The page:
Volume 6 Supplement 4
Cost analysis of patients undergoing cardiac surgery managed with or without cerebral oximetry (INVOS)
© Walsh et al; licensee BioMed Central Ltd. 2012
Published: 9 July 2012
INVOS measures cerebral oxygen saturation. A 100 patient audit examining the efficacy of INVOS showed a reduction in mortality and post-operative length of stay (LOS) against national statistics . Our aim was to analyse the cost effectiveness of INVOS in mixed and coronary bypass (CABG) only cardiac surgery by comparing the INVOS group to a control group.
A cost analysis of the INVOS group was done by comparing against 100 control patients who underwent surgery immediately prior to the INVOS audit. Hospital finance data was used to calculate costs. The areas for comparison were cost of: INVOS equipment; ICU and non-ICU post-operative LOS; stroke rehabilitation. Previous INVOS studies have focused on CABG only patients [2, 3]. In order to compare outcomes with those found in these studies we selected the CABG only patients out of the two groups. This data was then analysed to give a final saving for CABG only patients.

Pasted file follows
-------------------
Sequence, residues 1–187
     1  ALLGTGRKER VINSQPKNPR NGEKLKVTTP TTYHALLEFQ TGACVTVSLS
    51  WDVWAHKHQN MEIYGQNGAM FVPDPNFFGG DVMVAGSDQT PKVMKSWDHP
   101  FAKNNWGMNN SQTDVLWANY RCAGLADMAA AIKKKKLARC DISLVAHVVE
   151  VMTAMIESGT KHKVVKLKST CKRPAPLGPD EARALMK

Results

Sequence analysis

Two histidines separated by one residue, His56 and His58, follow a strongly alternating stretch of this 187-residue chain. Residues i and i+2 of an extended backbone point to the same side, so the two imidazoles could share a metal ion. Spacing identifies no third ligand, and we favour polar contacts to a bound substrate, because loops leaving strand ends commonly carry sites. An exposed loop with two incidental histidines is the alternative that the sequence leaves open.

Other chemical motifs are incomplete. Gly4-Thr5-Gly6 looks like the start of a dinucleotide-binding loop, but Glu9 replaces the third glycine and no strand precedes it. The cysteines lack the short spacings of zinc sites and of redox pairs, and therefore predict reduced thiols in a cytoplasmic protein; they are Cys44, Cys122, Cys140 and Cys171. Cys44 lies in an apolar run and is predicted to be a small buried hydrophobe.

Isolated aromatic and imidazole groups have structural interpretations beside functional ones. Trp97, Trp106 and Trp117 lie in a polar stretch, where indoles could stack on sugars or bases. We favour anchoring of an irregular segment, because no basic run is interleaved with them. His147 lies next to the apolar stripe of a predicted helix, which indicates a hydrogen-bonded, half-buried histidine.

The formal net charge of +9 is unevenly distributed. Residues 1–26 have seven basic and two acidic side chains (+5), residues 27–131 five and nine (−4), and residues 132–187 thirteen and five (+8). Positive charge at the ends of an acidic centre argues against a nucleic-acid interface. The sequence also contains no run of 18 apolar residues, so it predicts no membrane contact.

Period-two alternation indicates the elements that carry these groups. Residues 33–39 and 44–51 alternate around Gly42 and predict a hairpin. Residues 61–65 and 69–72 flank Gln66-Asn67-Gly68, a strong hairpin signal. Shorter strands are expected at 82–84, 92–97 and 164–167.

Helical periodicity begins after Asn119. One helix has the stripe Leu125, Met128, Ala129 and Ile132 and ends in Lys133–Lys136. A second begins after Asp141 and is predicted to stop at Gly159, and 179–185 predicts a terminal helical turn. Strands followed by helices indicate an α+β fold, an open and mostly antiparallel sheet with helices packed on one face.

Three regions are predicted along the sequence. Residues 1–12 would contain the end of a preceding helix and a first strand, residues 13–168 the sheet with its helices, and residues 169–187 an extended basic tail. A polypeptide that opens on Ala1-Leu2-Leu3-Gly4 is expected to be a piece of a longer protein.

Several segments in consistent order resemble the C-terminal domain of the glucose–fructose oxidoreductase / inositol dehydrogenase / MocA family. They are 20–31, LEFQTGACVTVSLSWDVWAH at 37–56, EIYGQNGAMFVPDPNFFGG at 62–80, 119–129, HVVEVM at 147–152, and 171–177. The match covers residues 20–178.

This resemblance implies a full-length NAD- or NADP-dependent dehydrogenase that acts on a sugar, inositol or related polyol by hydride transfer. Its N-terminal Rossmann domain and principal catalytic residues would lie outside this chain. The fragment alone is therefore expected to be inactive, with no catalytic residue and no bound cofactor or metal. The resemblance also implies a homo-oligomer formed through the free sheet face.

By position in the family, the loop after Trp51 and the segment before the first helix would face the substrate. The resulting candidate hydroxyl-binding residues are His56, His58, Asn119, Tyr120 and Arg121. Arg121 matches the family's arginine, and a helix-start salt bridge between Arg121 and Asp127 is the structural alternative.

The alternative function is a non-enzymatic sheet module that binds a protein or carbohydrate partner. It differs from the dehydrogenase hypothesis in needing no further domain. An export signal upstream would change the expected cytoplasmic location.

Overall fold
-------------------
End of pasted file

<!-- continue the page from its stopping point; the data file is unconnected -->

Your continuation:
Despite the equipment cost, all other outcomes had a reduced cost in the INVOS group. Overall there was a saving of £102,000 per 100 patients undergoing cardiac surgery. There was improvement in all outcomes in both INVOS (n=65) and the control group (n=66) once the criteria of CABG only had been applied. LOS was reduced in both groups, and neither group contained an incident of stroke. This resulted in an even greater saving of £114,000 per 100 CABG only patients. Both comparisons, mixed and CABG only, showed the biggest cost saving to be due to a reduction in post-operative LOS both in ICU and on the wards. This correlates with the findings of previous studies [2, 3].
This cost analysis shows a significant saving when using INVOS in the management of both mixed and CABG only cardiac surgery. The CABG only patients showed the greatest saving of £114,000 per 100 patients. Previous literature only considered CABG patients and did not undertake any cost analysis. However, further analysis with mixed cardiac surgery and a randomised trial is required.
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